Lake Charles American-Press from Lake Charles, Louisiana on August 27, 1962 · Page 24
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August 27, 1962

Lake Charles American-Press from Lake Charles, Louisiana · Page 24

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Monday, August 27, 1962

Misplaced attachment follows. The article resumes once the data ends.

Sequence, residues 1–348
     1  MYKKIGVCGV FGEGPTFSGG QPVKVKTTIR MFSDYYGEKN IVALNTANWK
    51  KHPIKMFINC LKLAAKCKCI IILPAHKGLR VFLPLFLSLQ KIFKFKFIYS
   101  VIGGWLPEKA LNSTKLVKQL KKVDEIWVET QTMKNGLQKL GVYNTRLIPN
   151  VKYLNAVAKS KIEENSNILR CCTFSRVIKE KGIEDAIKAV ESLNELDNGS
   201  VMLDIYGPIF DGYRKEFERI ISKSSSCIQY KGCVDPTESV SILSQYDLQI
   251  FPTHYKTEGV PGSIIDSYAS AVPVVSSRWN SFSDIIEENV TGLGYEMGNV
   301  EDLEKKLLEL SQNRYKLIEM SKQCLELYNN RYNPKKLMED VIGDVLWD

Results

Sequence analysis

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8 -v AUGUST 11 ml, lake Charles American Press AMUSEMENTS AND ARTS CONFLICT OF CULTURES Golding Novel Dramatic Portrait of Dying Race FACE OF DANGER — This portrait of an elephant, from an original by David Shepherd, illustrates the jacket of Gerald Hanley's latest novel, "Gilligan's Last Elephant", being published ioday. The novel portrays personal conflicts during an ! THE INHERITORS, fiy William j Golding (Harconrt, Brace and World, 233 pages). i j William Golding became famous in this country with the publication «f his first novel, Lord of the Flies, a macabre little tale of English schoolboys cast away on a South Sea island. His latest novel. The Inheritors, also has a taste of the macabre, but it is also filled with an unusual sensitivity and a dramatic frugality of language. The tale is built around eight | people: six adults, a small girl ' and an infant. They are members of that race scientists called Ne- has long been over. They are doomed, these Neanderthals, through contact with a superior type: the Cro-Magnon, by Golding, have few skills. They possess the rudiments of a language, they use fire, and they practice burial rites and worship an earth goddess. They are food gatherers, and are essentially innocent of violence or hatreds. Thus, they fall easy prey to their "human" enemies. The enemy appears in the form of a hunting group, portaging two canoes above a waterfall near the Neanderthalers' cave. The story is told from the viewpoint of Lok, perhaps the most childish and irresponsible of t h e Neanderthalers, and it is due to Golding's enormous craftsman- New Paperback Books Deal With Far East j INNER ASIAN FRONTIERS indeed, according to author ; OK CHINA, by Owen Lattimore! Spector. the 1905 revolution set Beacon Books) — Owen Latti- the example for the budding Asi- ni'->re has been one of the most i an nationalist movement. prolific English writers on Asia! fiendishly intelligent, hensibly skilled, and little corrupt. his meager thought processes in a convincing manner. The very starkness of his prose, incompre- however, adds a dramatic dimen- already a ! sion to bis story Golding is at his ' best in describing, through the Junior Editor* Quit on- BOY SCOUTS The Neanderthals, as pictured i limited medium of the Neander- thal brain, the activities and riles of the invaders. The eventual extermination of the Neanderthal group is inevita- | ble. That fact in ho, way, however, mitigates the poignance of Golding's story So. one imagines, the bushmen of South Africa must have felt about the Boers, and the aborigines of Australia about the whites in their day of doom. In this work, as in his others, Golding is drafting in words his picture of our society — so brilliant, capable of such vast achievements, and yet so irrevok- ably flawed. As his story ends, with the Neanderthals exterminated, one of the 'inheritors" is already sharpening his stone dagger, and planning the murder of one of his own people. i So, Golding seems to say, docsi our society ever suffer from self- inflicted wounds. —STAGEY. IT MEANS PELLCW- *HiP«rrH OTHER NATIONS. CROSSWORD PUZZLE snri the Far East in recent years. THE CHANGING SOCIETY OF CHINA, by Ch'u Chai and W i n- Acnoss 1. Fencing dummy 4. Leaf of a calyx 9. Humor 12. Gone 1.V Poetic feet j Vllll^l*) U T *_•!»»•« x-liut «.! * I«,« 11 m » • j t ^- 1 J Q g £ 1 £ I G P t This book, which first appeared bprg chaj ( ^ en t or Books) —This H.Luzon native in 1940. i? concerned with t h e is a svnthesis of Chinese history i 16> chemical landward boundaries of C h i n a \ _ socia ] i cultural and political -i from the time of Peking man to j {rom the development of the Em-! of modern times. pire lo ^ Mao jse-tung. The authors, both professors at tho beginning Geographically, this spans a 1,-irse part of Asia. The Chinese as a race had their beginnings in i the New School for Social Rethe valleys of the Yellow and the, search, trace the beginnings of Yangtse 'rivers, expanding from modern China from the Sino-Chin- these beginnings to cover much of'ese war of 1894, through the rev- the Far"East. iolution of Sun Yat-sen, and final- Lattimore discusses the loess ly to the triumph of the C o m- j 33.' singing element 17. Wild ass 19. Solicit 20. Hunting- horn 21. Fortune 23. Portable bed 24. Celtic 27. Span of years 15 28. Untrained 29. Malicious burning: 30. Jap. drama. 31. Helios 32. Worthless bit 52. As It is written (mus.t 53. Loop and knot 64. Likones? 55. Kxclamatlon to attract attention DOWN' 1. Moccasin 2. Self 3. Haxlnp lobes 4. Soft, shiny fiber B. Consume fi. Afternoon 7. Concerning S.Fish 9. Bets 10. Inhabitant (suffix) It. Oriental luta Ifi. Enzyme IS. Wary 20. Curtsy 21. Pointed teeth 22. Torment 23. Container 25. Goose 26. Growing out 28. Be sorry region of China proper, the steppes of Mongolia, the forests of Manchuria, the mountains ot Tibet, and the geography munists after World War II. MAO TSE-TUNG, edited by a nd; Anne Freemantle (Mentor Books) ethnocraphv of the other margin-;—Mao has been the intellectual' 39. pi," 1 * of a ~ _ f • . __ . • n .i _ i *» • 11 1 ~C K*.f,ll A syllable 34. Dwarf 36. Northern divlntr bird 37. Large tub 38. Groom, In na al lands of the Far East. : as well as the political leader of; bridle 40. Ruin _. ^ _ 1 »• • ~ Ul -TVUJIl Included among the 585 pages the Communist revolution in'in. church is a large part of Chinese political and cultural history, and prehistory. : China. RUSSO - CHINESE BORDERLANDS. by \V. A. Douglas Jack- d books Qn ma son (Van Nostrand Books) — The L . b _ , _' .... , , . b „„=,,„_ ! Today he stands as perhaps the , ; most influential of the 1 i v i n g l 'Marxist philosphers. He has written Communist prop- official 43. Winnow 44. Assailed with missiles 45. Discovered by the Curies 49. Plain In Palestine 50. Imitate 29. Clumsy boat 31. Fuse metal 32. At odds 35. Amer. cat 36. Manner 37. Fade to nothing Rfl. Obscure of, 40. Naughty 42. Half (prefix! 43. Confront 44. Kitty 45. Alfonso's queen 4fi. Kit out 47. Shoshonean Indian 4S, Can Bl. College degree (ab.) Amorous Spaniards IReficenf 1 fZ 15 XXs 1 Wi 71 27 30 34 3U M J4* 49 i>4 Z 1 u •$# iitf 45 3 9 <i% 35 41 & m b ^ 31 m m 4& $$ 4J m 4Z bO b4 5 m Z3 m 39 6 P 20 m 46 m bl 7 17 Wx •W 32 ^ 46 8 i! 29 m 43 & m IS 2.4 m 40 m && fl-77 9 4 x-y xx< 37 sa 55 IO ^ 25 33 m 47 II ^ 26 ^ 43 ... .. , r . . , 'iwarfare, political tracts, guide- most interesting part of Asia to-; Communist organizers dav is the border between Red: b Answer in Classified Section —and even poetry. Anne Fremantle, a lecturer at ri , . , Fordham university, has had ar- nations meet in an oft-proclaimed ^ these selections from the M T*trtv»H c nit\ rwii inri rar*ioc ^ . . _ _ China and Red Russia. For some 4.500 miles these two 'friendship boundaries. Historically, however, rior has always been one of tension, and indications are growing that it is still a source of tensions. Professor Jackson focuses h i s study upon traditional Chinese territories, Manchura, Mongolia, and Sinkiang, which were once much-coveted by the Russians. ,,. , four published volumes of Mao's thls bm " works They form an important cross- section of the thought of perhaps the most dangerous man alive today. ASIA IN THE BALANCE, by Michael Edwardes (Penguin Books) — Asia, from Lebanon to Tesf/mony of Nuremberg Recalls Nazi Holocaust QUESTION: Who started the Boy Scouts of America? ANSWER: Boy Scouting was originated by Sir Robert Baden- Powell, In England, in the year 1907. The idea spread rapidly; William D. Boyce and Daniel Beard started the Boy Scouts of America in 1910. There are Boy Scout groups In almost every community in America, with a membership of boys and adult leaders of around 5 million. The great success of the organization Is proved by the fact that there are units of Boy Scouts In 69 countries. It is a truly International movement, nonmilitary, non-political, respecting all races and creeds. Boy Scouting teaches obedience to the laws and customs of one's own country, but It also has Us own rules. The Scout motto is "Be Prepared." Its slogan is "Do a Good Turn Dally." When a boy joins as a Cub Scout, he makes a promise to do his best to do his duty to God and his country. As he becomes a Boy Scout, he promises to help others at all times, to be physically strong,^mentally awake and morally straight. The Scout Law Is that a Scout must be trustworthy, loyal, helpful, friendly,' courteous, kind, obedient, cheerful, thrifty, brave, clean and reverent. * » • FOR YOU TO DO:. Whether or not you belong to the Boy or Girl Scouts, you can take a part in the fine program they suggest to young people. Be prepared to help in any emergency! Do at least one good turn dally! e . 27 * » * «=><=/ (Alvin Burns, Jr. of Charleston, S. C., wins $10 for this question. Mall yours on a postcard to Junior Editors In care of this newspaper.) LOVE AND THE SPANISH, by Nina Epton (World Publishing Co., 216 pages). In two previous books, author Epton has probed the tactics and strategy of love among the French and the English. Now she turns to the Spanish, but finds a certain difficulty. The Spanish people proved to be more reticent about their amorous adventures. The Spaniards, in brief, feel that such things are private. i gram "to "immunize'sonie 300,000' Despite this, Miss Epton has'persons in northeast Louisiana Sabin Vaccine Drive Scheduled In Monroe Area MONROE, La. (AP) - The Ouachita Parish Medical Society 6. plans to start on Sept. 30 a pro- i ~ Arms of Blue, Gray Subject Of New Book ARMS AND EQUIPMENT Of» THE CIVIL WAR, by Jack Cogging (Doubleday & Cit. 160 pag* es). Nine out of ten of the thousand* of Civil War books that have, rolled off the presses have c o n- cerned themselves with battles and strategy, or with the lives of the leading generals or statesmen of the period. Now and then, however, a different note is sounded. This book sounds such a note. It is a survey of the arms and the equipment of the Blue and the Gray. The Civil War was the first nt the modern wars, in one sense. It was the first war that saw Hid widespread use of metallic cartridges and repeating rifles. It witnessed the birth of the iron clad warship. Telegraph lines were used on battle fields for the first time, as were telescopic sights. Strategy was tied to railway lines, and heavy artillery was used to a greater extent than ever before. All these things find their place in this book, written and illustrated by Jack Coggins. The author touches on how the combatants were fed and clothed, the activities and equipment of the engineers, the signal corps, the medical department, and the quartermaster corps, as well as the fighting arms. For a quick glance at the arms, munitions, uniforms and services of the combatants, this book is la be recommended. Particularly helpful is a bibliography for any adventurous reader who might want to explore farther along any path. Magnetic disturbances in tha it whsther he contributes or not. j u PPor atmosphere can play havoc Clinics will be set up in public : witn snort wa ve as it bounces ... . f i»nfrv* «n«ll. 1_ 1 I... • buildings throughout the area. Each person three months or older will be eligible for the doses, the first to be v given Sept. 30, the second Nov. 18, and the third Jan. ^ lom ionosphere and ucn-cu^eu oy ui« rvu.wdn,. , j . continent filled with He outlines the shape of things; ^ amj h nnrost today, and sheds hgnt on what he,*' , ... . , , , believes will be the future relationship between the two countries. THE FIRST RUSSIAN REVOLUTION: ITS IMPACT ON ASIA, by Ivar Spector (Spectrum Books i—The effects of the Russian Revolution of 1905 were felt throughout Asia. In this survey, Jn thjs Michael Ed . THE NUREMBERG TRIAL, by Joe Heydecker and Johannes Leeb (World Publishing Co., 398 pages). In April of 1945, the greatest wardes takes a hard look at many I of those problems. I He attempts to explain the Asi- iatics' view of the Cold War, of manhunt in history began. The Third Reich was disappearing in the flames of its cities, and Allied soldiers were searching for Nazi leaders. Almost one million men had been placed on the Allied war crimes list, and the roundup was begun in the cities and villages of the Ruhr, in the ruins of Berlin democracy, of communism a n d i and in the hills of Bavaria. of revolution. He attempts to outline the progress of the great social revolution that began in Asia about the time author °f the Russo-Japanese war, and shows how the ideologies involved which is still evolving, in the Russian uprising were ech-! A final chapter attempts oed in Turkey, Iran, China and j point out possible future develop India. iments. Within a few weeks the job was completed — with certain important exceptions. Some of the Nazi leaders were never taken. Others committed suicide rather than PARKINSONS MANUAL How To Gef Ahead In Bus/ness Jungle IN-LAWS AND OUTLAWS, by C. want. It would frighten your su- Northcote Parkinson (Houghton periors." I surrender. to In November, 1945, the Nazi chiefs were placed on trial in Nuremberg, before an international tribunal of the victors. By September, 1946, the trials were over, and the guilty were sentenced and the innocent — only a few of those—were set free. Between the two dales, clerks of the court took down vast amounts of testimony. It has been the purpose of the authors of this book to gather together the most important bits of testimony, and make it available to the general Mifflin Co., 238 pages). Want to get ahead in life? Is it your ambition to become an industrial tycoon? Your first step, then, is to read Parkinson. The wily professor, who has poked fun at big busi- "Among the really expert, all organizations are instantly judged by the looks of their female office staff." "To make people arrive on j time, fix appointments at o d d j reader. Through the testimony of its ness, politicians, the organization ! minutes. man, labor, management, and the :, "The habit of punctuality will press, is at his old tricks again. • gj V e you an advantage over your In his latest book, the profes- 1 r j va ls such as the tennis player sor tells, in quiet simple terms, | enjoys who never double-faults." how to become Number One in a | "Skill is the capacity to do Riant corporation, like U. S. Steel, j something which is not easy. Abil- nr General Electric or Standard u y i s the capacity to get things oi '- done through the skill of other it is very simple. I people." All it takes is application,: i n addition to helpful aphor- l-.nowledge, loyalty, fores i g h t, : j sms> the wily professor discusses hardness, persistence, the right other crucial executive questions of marriage and plenty of that plague the rising organiza- lind ' uc 'k. leaders, and of their accusers, the authors have constructed a history of the Third Reich, from the days of its beginning to its end in 1945. The leaders themselves are assessed. Their behavior in prison is described, their last words are recorded, and their sentencing and execution described. There is a final chapter describing the subsequent lives of Hess, Doenitz, von Papen and the others who escaped hanging. In addition to testimony concerning the conduct of the war itself, the authors have prepared a major section dealing with happenings in Germany and occupied : tion man: This may sound formidable, but j The avoidance of paperwork; the way the professor describes I lie paths to take, it is just a matter of doing the right thing at the light time. Prof. Parkinson's new jammed with bits of wisdom for Ilif rising executive, such as: "Your father was given to you, ril your father-in-law you can ?hoose." how to dominate a meeting; the annual report and how it can be used as a ladder to success; and the "Parkinsey Report." the book is business world's "Kinsey Report." Also revealed for the first lime is Parkinsons Third Law. Parkinson's prose can have the effect of vintage champagne — "Act hwnble. A reputation lor light and sparkUng to Jhe palate, fleverness if (he last thing you but lethal to the unwary. TUESDAY MENU SMOTHERED STEAK ONLY 86c • Matted Potato* 0 ((tamed Cabbagt t "oil, Bulttr CHICKEN & DUMPLINGS TOSS SALAD ............ Abovt Served With Code* or lc< Tea CHILD'S PLATE 4!C UM&ERT'S CAFETERIA III RYAN IT. territory behind the front lines. This section is concerned with economic matters, with concentration camps and the "final solution" of the Jewish problem, with the occupation of Poland. There is even a chapter on the mysterious Katyn massacre. This case opened when more than 4,000 corpses being found in a mass grave at Katyn, in Poland. The Nazis accused the Soviets of having committed this massacre of Polish soldiers. Because there seemed to have been considerable evidence that the Russians really were to blame, this case was hurriedly hushed up at the time. The two authors, one an American and the other a German journalist, have written a book which has been able to recreate some of the impact of the decade of horror that came to an end in 1945.-STACEY. gathered enough fodder on Spanish courtship and love to write her third book. Much of her probings, however, concern the past. She writes of Roman Spain, of Morrish Spain, and of Medieval Spain, as well as the Spain of more recent years. Although Spain has been celebrated for a fiery temperament, a certain flambuoyance and display, Miss Epton holds, in matters of the heart they become,circumspect. "However gay a life a Spaniard leads," she points out, "there comes a time — as it did for Don Juan — when he is overcome by an innate horror of the flesh and a reverence for carnal purity." This, the author avers, is the seat of the Spanish paradox. Perhaps because of the reticence of some of her subjects, Miss Epton's third book seems to lack the verve of the first two. Or perhaps this probing into the love lives of others begins to pall upon the lady. Daughter Is Born To Royal Couple RABAT, Morocco (AP) — The royal palace announced that a baby girl was born Sunday night to King Hassan II of Morocco and his wife. The announcement said the baby was born in Rome, Italy, where the royal couple is vacationing, and that mother and daughter are doing well. In Morocco, thousands of people thronged the streets in celebration. ADULTS 50c CHILDREN FREE j with the Sabin oral polio vaccine: —the first such program in the! stale. ; Co-sponsored by the Monroe- Junior Chamber of Commerce,! the program aims at immunizing! every resident of Ouachita and' surrounding parishes. Any person wanting the vaccine will be asked to donate 25 cents to help defray part of the cost, but will receive NEW BOOKS BEST SELLERS FICTION SHIP OF FOOLS, Porter. DEARLY BELOVED, Lindbergh. YOUNGBLOOD HAWKE, Woulk THE REIVERS, Faulkner. UHURU, Ruark. NONFICTION THE ROTHSCHILDS, Morion, MY LIFE IN COURT, Nlier. CALORIES DON'T COUNT, Taller. THE GUNS OF AUGUST, Tuchman. IN THE CLEARING, Frost. PALACE Open 6PM HE 9-2406 DOUBLE FEATURE TODAY—TUESDAY Mi DWM.&ifcrt ROUND.Cesar ROMERO LAKE CHARLES PUBLIC LIBRARY Non-Fiction Allen, American League Story. Baughman, Secret Service Chlel. Blainc, Patience and Fortitude. Bloomfleld, Outer Space. Felnnger, Total Picture Control. Fischman/ How to Finish Off Your Basement or Attic. Hcrber, Our Synthetic Environment. Hlrsch, Art of Table Setting and Flower Arrangement. Hooks, Application of Weight Training to Athletes. Hutlon, School For Spies. Inglls, Planets, Stars and Galaxies. Ingram, Vocal Technique for Children and Youth. Leopold, The Desert. Martindell, Appraisal ol Management. Parr, My Sabre Is Bent. Rizzuto, The •'Miracle" New York Yankees. Rodriguez, God Bless The Devil. Rush, How To Invest For Higher Return. Sonnlchsen, The Southwest In Life end Literature. Sports Illustrated, Book ot V/et-Fly Fish- Ing. Strong, Improvement of Reading, Trlnkleln, Modern Space Science. Venk, Automotive Fundamentals. LP Records Ella Fitzgerald Sings The Harold Arlen Song Book. Bazaar's Secret Formula For A Beaull- ful You. Straus; The Irresistible Mr. Strauss. Rainy Night In Tokyo. Rachmanlnov: Symphony No. 3 In A Minor, Opus 44. OPEN HE 9-2406 TODAY AND TUES. Feature Starts 1:07—3:15 5:24—7:31 ^COLUMBIA PICTURES presents: ADM. 75c PER ADULT HIT NO. 1 AT 7:15 RANDOLPH scon HIT NO. 2 AT 9:10 1st L. C. Drive-In Showing KIM NOVAK JAMES GARNER TOW RANDML N A MARTIN RANSOHQFF PRODUCT! BOY? u*MGM NIGHTLY 6:00 * 10:00 ADULTS $2,95 SUNDAYS 1:00 * 9:00 CHILDREN .... 91.50 Alto Serving BREAKFAST, LUNCH and DINNERS A'LgCort* CANDIEHGffiT 'V/'HtU'JUii 4*11/11 J, HIGHWAY 90 EAST HE 8-8231 FRED KOHLMAR-1 RICHARD QUINE PRODUCTION OPEN 12:45 ENDSJTONITIEir" Walt Disney's Pinocchio ALL-CAJITOON FEATURE TUESDAY Big Double Fcaturo BOTH IN SCOPE & COLOR PLUS i TOWC »r ma... f !• »io*iOit| , COLORSCOPI AUTOGRAPHED SPONSORED BY BROOKFIELD CLOWES No obligation, no purchase required; just come in and meet your favorite disc jockey. Words S SAN BY ** b 'BARON me JOCKW Johnny Janol ) PARTY AUG. 28 — 2:00 P. M. TO 4:00 P. M. It VAN STBiiET